## Hello, I'm Martin And I'm An Algebraic :-)If you're sat next to me on a plane you'll probably notice at take off and landing I do algebra puzzles. You may not have heard of the term "algebra puzzles" before and perhaps think the juxtaposition of the two words to be odd, but I think it apt... (You may also think this whole post to be showing off, but that's a risk I take in sharing a passion I have.) A classic problem with take offs and landings is what to do given you're not allowed to use electronic equipment. I'll readily agree that staring out the window is a good one - which is why I prefer a window seat. I I started by taking puzzle books with me. I've done Sudoku (but not recently), Kakuro, Futoshiki, Hashi, Kenken and any number of others. I enjoy them but each one lacks variety. (And I'm disappointed that by far and away the most common puzzle books are Sudoku.) But I find the best puzzles of all are algebra problems. I still have a copy of my "high school" Further Mathematics textbook. I don't know why, I just do. I actually think it's the elegance of expression and the neatness of the right shortcut that appeal to me. As I've said many times I'm a sucker for ingenuity. Below is an example of a neat shortcut that I'd like to share with you. I hope you'll see what I mean. One of the nice things about mathematics in general is that you're perpetually "standing on the shoulders of giants". Some of them well known (Newton, Leibnitz, Euclid, Gauss, etc) but many are anonymous. In the example below I've no idea who thought of the shortcut first. (I'm just pleased I understand it and can see its applicability.) ## A Simple Example Of Elegance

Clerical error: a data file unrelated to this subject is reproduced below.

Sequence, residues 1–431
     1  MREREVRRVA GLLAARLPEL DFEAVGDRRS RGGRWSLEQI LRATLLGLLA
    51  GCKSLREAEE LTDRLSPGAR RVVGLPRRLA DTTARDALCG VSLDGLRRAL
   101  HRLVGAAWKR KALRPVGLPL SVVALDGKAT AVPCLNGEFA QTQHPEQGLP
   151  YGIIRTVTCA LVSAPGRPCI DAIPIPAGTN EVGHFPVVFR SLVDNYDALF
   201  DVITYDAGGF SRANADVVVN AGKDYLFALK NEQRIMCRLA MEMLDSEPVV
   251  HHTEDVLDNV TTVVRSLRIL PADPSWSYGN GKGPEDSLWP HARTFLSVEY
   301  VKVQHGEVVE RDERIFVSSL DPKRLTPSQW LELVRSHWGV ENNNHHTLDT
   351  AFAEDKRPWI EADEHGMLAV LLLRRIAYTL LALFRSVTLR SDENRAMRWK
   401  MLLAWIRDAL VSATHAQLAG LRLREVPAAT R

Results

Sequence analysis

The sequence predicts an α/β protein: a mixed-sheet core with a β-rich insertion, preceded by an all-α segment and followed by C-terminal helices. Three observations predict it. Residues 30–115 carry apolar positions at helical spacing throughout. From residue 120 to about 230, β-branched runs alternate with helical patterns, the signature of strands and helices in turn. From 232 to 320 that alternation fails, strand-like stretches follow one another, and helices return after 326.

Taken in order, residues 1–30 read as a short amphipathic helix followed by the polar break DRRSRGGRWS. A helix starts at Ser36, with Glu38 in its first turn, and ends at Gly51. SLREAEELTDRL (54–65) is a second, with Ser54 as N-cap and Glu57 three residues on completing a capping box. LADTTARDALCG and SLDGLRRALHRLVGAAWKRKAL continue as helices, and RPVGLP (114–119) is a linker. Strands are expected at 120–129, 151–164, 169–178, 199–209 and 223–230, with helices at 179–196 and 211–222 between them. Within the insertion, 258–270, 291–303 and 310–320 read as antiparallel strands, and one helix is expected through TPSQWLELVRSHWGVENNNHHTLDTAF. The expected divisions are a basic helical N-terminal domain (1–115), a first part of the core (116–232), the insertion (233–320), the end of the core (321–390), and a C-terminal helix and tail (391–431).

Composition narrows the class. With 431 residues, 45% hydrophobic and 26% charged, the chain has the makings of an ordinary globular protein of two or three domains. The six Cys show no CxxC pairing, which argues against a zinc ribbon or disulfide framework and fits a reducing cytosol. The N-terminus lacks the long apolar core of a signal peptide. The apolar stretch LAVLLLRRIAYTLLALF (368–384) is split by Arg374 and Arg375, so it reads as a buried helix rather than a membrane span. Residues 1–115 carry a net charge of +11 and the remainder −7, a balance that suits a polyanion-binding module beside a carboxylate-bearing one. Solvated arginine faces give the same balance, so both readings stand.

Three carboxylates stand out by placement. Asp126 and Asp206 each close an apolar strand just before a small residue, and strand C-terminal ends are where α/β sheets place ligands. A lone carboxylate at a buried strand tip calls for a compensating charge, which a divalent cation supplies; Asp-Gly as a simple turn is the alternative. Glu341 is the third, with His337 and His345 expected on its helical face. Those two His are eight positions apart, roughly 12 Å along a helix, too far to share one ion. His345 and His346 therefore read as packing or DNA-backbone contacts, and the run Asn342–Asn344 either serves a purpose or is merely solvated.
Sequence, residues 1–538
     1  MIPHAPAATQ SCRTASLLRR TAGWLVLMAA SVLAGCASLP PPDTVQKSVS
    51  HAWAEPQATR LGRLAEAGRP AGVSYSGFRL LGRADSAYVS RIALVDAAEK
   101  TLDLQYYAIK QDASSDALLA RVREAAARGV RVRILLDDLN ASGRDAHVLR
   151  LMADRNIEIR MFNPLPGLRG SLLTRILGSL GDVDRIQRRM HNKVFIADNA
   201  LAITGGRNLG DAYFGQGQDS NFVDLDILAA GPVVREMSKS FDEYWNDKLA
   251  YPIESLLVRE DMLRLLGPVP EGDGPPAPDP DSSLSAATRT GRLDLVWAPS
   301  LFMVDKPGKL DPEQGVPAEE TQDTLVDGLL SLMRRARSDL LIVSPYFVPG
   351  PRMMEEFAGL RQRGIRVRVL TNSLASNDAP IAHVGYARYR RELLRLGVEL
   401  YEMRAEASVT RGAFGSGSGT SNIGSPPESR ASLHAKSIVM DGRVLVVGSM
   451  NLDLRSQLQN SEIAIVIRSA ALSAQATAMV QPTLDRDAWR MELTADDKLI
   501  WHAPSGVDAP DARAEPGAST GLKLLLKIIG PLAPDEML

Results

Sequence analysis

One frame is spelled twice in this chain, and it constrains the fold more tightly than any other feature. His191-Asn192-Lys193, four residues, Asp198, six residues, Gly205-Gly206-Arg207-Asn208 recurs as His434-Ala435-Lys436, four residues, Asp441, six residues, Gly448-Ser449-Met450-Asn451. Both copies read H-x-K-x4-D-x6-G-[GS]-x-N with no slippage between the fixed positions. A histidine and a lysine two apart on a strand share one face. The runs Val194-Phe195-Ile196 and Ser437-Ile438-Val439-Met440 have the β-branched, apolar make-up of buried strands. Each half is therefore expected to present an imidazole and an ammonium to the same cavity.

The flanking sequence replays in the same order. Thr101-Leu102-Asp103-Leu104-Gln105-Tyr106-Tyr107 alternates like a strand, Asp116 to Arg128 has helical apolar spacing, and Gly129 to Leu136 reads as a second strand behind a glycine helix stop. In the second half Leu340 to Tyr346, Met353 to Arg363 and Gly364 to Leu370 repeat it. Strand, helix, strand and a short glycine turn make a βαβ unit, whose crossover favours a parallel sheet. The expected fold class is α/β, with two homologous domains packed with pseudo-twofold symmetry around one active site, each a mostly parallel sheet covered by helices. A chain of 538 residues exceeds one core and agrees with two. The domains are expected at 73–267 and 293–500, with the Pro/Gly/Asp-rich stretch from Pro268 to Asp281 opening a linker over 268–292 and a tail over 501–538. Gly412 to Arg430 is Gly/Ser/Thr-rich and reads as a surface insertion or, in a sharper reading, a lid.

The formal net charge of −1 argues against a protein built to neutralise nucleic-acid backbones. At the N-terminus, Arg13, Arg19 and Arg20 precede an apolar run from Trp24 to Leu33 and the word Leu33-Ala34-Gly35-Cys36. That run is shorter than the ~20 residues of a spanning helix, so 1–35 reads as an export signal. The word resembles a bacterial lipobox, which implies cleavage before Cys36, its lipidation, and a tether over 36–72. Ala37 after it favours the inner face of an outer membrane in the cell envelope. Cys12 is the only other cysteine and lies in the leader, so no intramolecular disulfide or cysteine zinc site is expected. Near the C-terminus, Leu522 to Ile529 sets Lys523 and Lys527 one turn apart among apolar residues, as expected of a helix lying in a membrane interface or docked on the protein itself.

It looks like a difficult puzzle to solve. Of course if it were I wouldn't be offering it here. You could multiply everything out and gather terms but that's horrid. Thankfully, there is a more elegant way: Observe x² - y² = (x - y) (x + y) . (Check it if you don't believe me!) If you substitute a for (x - 3) and b for (x + 2) you get: a² - b² which, of course, can be rewritten as (a - b) (a + b) . I think you'll agree working out what (a - b) and (a + b) are is easy: a - b = (x - 3) - (x + 2) or -5 a + b = (x - 3) + (x + 2) or 2x - 1 Multiply them together and you get: -5 × (2x - 1) = 5 - 10x So (x - 3)² - (x + 2)² = 5 - 10x which = 0, as the original problem stated. If 5 - 10x = 0 then 10x = 5 and so x = ½. See, that wasn't so hard, was it? I think people think mathematics is hard. I don't think algebra is hard. I Now someone will probably come along and point out a few things about the example, including a further trick. If they do I'll be delighted. This "old dog" |